"Defying Gravity" - Counting Down To Japan's D-Day In Two Charts

Tyler Durden's picture

While the distractions of the Japanese currency collapse, the resultant nominal offsetting surge in the value of the Japanese stock market, the doubling of the Japanese monetary base and the BOJ's monetization of 70% of Japan's gross issuance have all been a welcome diversion in a society struggling with the catastrophic aftermath of the Fukushima explosion on one hand, imploding demographics on the other, and an unsustainable debt overhang on the third mutant hand, the reality is that Japan, despite the best intentions of Keynesian alchemists everywhere, is doomed. 

One can see as much in the following two charts from a seminal 2012 research piece by Takeo Hoshi and Tatakoshi Ito titled "Defying Gravity: How Long Will Japanese Government Bond Prices Remain High?" and which begins with the following pessimistic sentence: "Recent studies have shown that the Japanese debt situation is not sustainable." Its conclusion is just as pessimistic, and while we urge readers to read the full paper at their liesure, here are just two charts which largely cover the severity of the situation.

Presenting the countdown to Japan's D-Day. 

Exhibit A.

The technical details of what is shown below are present in the appendix but the bottom line is this: assuming three different interest rates on Japan's debt, and a max debt ceiling which happens to be the private saving ceiling, as well as assuming a 1.05% increase in private sector labor productivity (average of the past two decades), Japan runs out of time some time between 2019 and 2024, beyond which it can no longer self-fund itself, and the Japan central bank will have no choice but to monetize debt indefinitely.

and Exhibit B.

Figure 12 shows the increase in the interest rate that would make the interest payment exceed the 35% of the total revenue for each year under each of the specific interest scenarios noted in the chart above (for more details see below). The 35% number is arbitrary, but it is consistent with the range of the numbers that the authors observed during the recent cases of sovereign defaults. In short: once interest rates start rising, Japan has between 4 and 6 years before it hits a default threshold.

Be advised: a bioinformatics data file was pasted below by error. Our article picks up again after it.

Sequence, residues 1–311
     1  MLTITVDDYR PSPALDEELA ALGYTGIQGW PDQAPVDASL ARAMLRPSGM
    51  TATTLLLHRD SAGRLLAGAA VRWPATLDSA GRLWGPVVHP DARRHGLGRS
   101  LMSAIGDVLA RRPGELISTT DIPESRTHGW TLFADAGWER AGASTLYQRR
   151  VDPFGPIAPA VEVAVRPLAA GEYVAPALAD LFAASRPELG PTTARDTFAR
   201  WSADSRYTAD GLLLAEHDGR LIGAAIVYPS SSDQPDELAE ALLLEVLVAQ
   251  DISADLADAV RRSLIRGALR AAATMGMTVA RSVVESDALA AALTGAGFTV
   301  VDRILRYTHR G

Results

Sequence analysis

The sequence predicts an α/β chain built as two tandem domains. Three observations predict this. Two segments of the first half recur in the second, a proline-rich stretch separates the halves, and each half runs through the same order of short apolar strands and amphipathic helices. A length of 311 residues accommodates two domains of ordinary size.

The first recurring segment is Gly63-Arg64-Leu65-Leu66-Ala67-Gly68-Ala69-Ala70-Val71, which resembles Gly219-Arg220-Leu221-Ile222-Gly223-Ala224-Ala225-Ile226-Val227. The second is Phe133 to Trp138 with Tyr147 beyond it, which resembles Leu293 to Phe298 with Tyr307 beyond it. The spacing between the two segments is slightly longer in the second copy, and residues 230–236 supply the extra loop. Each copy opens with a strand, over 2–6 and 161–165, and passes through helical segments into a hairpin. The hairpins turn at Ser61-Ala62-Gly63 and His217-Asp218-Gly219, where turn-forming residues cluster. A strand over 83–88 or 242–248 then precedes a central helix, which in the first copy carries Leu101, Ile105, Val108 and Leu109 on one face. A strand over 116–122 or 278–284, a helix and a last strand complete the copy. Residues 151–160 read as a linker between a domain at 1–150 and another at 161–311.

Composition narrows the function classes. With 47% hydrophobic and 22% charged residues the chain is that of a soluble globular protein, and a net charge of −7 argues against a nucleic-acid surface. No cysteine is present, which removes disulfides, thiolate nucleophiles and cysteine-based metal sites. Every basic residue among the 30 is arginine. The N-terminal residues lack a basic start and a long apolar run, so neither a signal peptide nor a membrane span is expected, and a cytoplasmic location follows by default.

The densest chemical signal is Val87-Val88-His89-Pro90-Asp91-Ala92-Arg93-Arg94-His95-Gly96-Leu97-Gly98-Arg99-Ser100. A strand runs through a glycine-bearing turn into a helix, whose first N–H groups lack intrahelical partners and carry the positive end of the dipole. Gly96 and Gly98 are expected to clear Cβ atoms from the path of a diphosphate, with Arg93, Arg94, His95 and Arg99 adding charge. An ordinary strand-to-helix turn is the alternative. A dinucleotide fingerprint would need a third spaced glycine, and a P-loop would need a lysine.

The paradox, of course, is that should Japan's economy indeed accelerate, and inflation rise, rates will rise alongside as we saw in mid 2013, when the JGB market would be halted almost daily on volatility circuit breakers as financial institutions rushed to dump their bond holdings.

In other words, the reason why Japan is desperate to inject epic amounts of debt in order to inflate away the debt - without any real plan B - is because, all else equal, it has about 8 years before it's all over.

Here is how the authors summarize the dead-end situation.

Without any substantial changes in fiscal consolidation efforts, the debt is expected to hit the ceiling of the private sector financial assets soon. There is also downside risk, which brings the ultimate crisis earlier. Economic recovery may raise the interest rates and make it harder for the government to roll over the debt. Finally, the expectations can change without warning. Failure in passing the bill to raise the consumption tax, for example, may change the public perception on realization of tax increases. When the crisis happens, the Japanese financial institutions that holds large amount of government bonds sustain losses and the economy will suffer from fiscal austerity and financial instability. There may be negative spillovers for trading partners. If Japan wants to avoid such crisis, the government has to make a credible commitment and quick implementation of fiscal consolidation.



A crisis will happen if the government ignores the current fiscal situation or fails to act. Then, the crisis forces the government to choose from two options. First, the Japanese government may default on JGBs. Second, the Bank of Japan may monetize debts. The first option would not have much benefit because bond holders are almost all domestic. Monetization is the second option. Although that may result in high inflation, monetization may be the least disruptive scenario.